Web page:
The National Basketball Association (NBA) began the decade with eight teams. By the end of the decade the league had expanded to seventeen teams, had a fat television contract, and had seen attendance jump from under two million in 1965 to over five million. Throughout much of the 1950s professional basketball was being played in the shadow of the college game and was searching for an identity; toward the end of that decade the sport saw its future in Bill Russell—the big man with grace and speed. But professional basketball did not catch up with Russell until the 1960s, when men emerged who along with Russell defined the modern game. Most notable among the new breed of athletes was Wilt Chamberlain. Wilt the Stilt, as he was called, combined imposing size, intelligence, and legendary strength in challenging Russell for basketball supremacy. The rivalry between the two superstars gave professional basketball much-needed drama. Despite the influx of great basketball talent from the college ranks into the pros during the 1960s, there remained only one true super team, the Boston Celtics.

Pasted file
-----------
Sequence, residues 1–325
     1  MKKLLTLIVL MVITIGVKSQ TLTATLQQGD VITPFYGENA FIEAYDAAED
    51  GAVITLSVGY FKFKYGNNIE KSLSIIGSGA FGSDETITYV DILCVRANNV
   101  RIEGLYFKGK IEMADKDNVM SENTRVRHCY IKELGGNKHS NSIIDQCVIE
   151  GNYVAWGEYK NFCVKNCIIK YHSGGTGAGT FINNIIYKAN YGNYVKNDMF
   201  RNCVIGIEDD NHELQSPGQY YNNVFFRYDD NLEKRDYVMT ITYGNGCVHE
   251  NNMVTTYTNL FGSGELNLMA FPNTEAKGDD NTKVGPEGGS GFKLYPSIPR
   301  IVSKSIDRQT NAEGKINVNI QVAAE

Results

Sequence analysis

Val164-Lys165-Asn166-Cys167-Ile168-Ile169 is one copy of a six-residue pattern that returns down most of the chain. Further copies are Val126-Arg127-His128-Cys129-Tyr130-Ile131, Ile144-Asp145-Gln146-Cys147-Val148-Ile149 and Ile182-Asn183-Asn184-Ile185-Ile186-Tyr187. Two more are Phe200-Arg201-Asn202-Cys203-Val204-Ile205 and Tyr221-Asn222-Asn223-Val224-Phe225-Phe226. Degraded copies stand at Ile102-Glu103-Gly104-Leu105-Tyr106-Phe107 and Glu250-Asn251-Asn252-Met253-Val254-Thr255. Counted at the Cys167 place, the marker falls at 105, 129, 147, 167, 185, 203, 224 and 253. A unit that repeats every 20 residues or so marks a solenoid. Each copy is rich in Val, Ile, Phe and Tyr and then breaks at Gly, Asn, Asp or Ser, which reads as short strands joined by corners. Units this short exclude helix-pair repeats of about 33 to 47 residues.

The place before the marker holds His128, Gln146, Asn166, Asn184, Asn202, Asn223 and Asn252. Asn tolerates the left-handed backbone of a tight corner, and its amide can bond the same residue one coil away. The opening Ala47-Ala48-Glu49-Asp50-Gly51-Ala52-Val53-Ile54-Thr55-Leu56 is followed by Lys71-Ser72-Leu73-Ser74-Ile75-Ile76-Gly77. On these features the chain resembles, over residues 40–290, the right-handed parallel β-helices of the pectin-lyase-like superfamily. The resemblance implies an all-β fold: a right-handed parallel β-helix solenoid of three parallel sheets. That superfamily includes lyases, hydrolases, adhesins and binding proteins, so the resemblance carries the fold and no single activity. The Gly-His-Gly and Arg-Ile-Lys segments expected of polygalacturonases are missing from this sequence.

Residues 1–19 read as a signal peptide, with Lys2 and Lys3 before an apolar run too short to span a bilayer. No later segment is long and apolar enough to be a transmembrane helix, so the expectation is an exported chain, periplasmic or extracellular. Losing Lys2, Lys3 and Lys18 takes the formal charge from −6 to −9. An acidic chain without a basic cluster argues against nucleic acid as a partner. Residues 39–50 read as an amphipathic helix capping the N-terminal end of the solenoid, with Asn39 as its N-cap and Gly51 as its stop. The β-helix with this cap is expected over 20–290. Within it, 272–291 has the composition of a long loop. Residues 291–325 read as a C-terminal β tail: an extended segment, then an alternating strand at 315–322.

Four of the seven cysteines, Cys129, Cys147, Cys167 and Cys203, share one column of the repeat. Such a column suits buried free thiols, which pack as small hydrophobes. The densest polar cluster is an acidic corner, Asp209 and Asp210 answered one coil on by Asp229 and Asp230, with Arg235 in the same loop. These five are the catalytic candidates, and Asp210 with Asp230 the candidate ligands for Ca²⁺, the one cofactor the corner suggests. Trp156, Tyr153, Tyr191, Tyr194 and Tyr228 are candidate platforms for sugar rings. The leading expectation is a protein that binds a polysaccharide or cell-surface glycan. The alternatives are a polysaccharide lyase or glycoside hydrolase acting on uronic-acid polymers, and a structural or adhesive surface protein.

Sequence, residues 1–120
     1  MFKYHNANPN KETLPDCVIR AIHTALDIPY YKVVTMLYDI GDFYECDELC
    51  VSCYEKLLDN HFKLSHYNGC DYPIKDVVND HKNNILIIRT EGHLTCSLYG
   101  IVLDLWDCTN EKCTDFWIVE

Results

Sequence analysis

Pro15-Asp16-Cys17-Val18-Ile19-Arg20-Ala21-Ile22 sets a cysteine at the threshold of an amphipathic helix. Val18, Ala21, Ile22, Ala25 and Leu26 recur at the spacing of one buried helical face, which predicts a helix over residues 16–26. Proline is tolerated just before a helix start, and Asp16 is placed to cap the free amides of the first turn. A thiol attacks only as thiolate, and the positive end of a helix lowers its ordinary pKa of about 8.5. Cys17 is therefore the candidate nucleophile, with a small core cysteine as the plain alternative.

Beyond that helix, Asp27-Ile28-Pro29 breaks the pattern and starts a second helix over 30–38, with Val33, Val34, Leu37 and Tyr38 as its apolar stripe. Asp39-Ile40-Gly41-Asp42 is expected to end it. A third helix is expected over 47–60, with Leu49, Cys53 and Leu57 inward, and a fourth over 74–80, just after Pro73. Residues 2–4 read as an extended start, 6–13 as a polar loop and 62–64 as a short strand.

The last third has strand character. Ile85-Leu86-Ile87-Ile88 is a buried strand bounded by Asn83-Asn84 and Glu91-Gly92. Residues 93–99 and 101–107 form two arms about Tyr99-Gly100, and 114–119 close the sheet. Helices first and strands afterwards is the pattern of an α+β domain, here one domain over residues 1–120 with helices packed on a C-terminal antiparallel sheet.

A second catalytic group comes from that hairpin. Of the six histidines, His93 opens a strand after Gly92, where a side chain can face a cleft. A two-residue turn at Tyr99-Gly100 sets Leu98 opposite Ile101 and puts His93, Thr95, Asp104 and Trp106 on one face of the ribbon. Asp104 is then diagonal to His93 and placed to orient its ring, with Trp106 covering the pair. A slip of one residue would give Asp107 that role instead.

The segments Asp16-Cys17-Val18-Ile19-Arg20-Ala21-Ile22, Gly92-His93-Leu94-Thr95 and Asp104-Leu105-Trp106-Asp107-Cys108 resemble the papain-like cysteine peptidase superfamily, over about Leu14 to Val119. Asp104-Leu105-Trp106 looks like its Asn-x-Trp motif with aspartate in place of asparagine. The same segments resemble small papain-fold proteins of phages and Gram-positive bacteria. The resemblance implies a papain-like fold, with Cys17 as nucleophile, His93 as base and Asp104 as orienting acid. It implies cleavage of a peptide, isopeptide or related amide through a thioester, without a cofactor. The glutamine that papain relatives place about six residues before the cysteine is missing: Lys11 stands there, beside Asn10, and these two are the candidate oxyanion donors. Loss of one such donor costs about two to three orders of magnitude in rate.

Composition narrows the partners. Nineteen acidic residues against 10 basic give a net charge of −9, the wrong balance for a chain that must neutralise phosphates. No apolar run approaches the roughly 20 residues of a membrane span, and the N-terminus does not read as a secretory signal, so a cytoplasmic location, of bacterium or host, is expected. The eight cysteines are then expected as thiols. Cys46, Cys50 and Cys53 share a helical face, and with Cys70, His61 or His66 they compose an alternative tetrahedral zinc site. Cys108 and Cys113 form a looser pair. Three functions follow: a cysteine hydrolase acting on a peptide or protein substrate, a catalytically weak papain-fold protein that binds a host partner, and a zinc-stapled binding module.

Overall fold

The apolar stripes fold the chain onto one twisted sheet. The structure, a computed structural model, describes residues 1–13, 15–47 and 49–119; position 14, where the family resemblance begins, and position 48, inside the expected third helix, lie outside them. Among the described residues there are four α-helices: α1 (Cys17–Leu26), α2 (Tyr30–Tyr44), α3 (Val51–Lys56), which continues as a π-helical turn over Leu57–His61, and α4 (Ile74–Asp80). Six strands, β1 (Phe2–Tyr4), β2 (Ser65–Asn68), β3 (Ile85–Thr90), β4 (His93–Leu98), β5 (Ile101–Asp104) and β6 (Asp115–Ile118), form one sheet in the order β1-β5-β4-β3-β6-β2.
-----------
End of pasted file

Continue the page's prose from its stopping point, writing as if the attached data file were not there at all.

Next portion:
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Basketball: The College Teams
A Live-Action Game.
Neil D. Isaac, author of Ali the Moves (1975), a history of college basketball, argues that basketball is the most popular sport in the United States, but that it is more successful as a live-action spectator sport and as a participation sport than on television. While baseball fans might question that claim, there is an undeniable attraction to basketball, particularly at the college level. The continuous action and high scoring of the game make it exciting to watch, even if it does not televise well. The roughly one thousand college basket-ball teams in the United States attracted fifteen million fans in 1960.